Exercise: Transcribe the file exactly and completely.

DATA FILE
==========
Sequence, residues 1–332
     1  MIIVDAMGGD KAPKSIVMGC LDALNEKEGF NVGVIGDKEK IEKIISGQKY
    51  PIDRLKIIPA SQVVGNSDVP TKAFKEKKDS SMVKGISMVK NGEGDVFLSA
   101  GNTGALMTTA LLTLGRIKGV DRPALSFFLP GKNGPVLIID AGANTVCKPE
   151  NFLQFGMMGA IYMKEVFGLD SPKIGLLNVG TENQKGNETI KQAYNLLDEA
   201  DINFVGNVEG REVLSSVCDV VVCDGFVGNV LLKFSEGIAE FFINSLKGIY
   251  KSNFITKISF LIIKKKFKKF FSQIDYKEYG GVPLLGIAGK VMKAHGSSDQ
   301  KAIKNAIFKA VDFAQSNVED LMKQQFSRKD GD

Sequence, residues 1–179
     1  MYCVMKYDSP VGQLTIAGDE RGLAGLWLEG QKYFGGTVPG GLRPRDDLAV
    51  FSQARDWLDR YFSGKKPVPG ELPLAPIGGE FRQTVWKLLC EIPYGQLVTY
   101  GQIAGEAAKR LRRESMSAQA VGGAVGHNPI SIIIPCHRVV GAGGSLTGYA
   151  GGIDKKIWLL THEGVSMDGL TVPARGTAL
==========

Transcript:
Sequence, residues 1–332
     1  MIIVDAMGGD KAPKSIVMGC LDALNEKEGF NVGVIGDKEK IEKIISGQKY
    51  PIDRLKIIPA SQVVGNSDVP TKAFKEKKDS SMVKGISMVK NGEGDVFLSA
   101  GNTGALMTTA LLTLGRIKGV DRPALSFFLP GKNGPVLIID AGANTVCKPE
   151  NFLQFGMMGA IYMKEVFGLD SPKIGLLNVG TENQKGNETI KQAYNLLDEA
   201  DINFVGNVEG REVLSSVCDV VVCDGFVGNV LLKFSEGIAE FFINSLKGIY
   251  KSNFITKISF LIIKKKFKKF FSQIDYKEYG GVPLLGIAGK VMKAHGSSDQ
   301  KAIKNAIFKA VDFAQSNVED LMKQQFSRKD GD

Sequence, residues 1–179
     1  MYCVMKYDSP VGQLTIAGDE RGLAGLWLEG QKYFGGTVPG GLRPRDDLAV
    51  FSQARDWLDR YFSGKKPVPG ELPLAPIGGE FRQTVWKLLC EIPYGQLVTY
   101  GQIAGEAAKR LRRESMSAQA VGGAVGHNPI SIIIPCHRVV GAGGSLTGYA
   151  GGIDKKIWLL THEGVSMDGL TVPARGTAL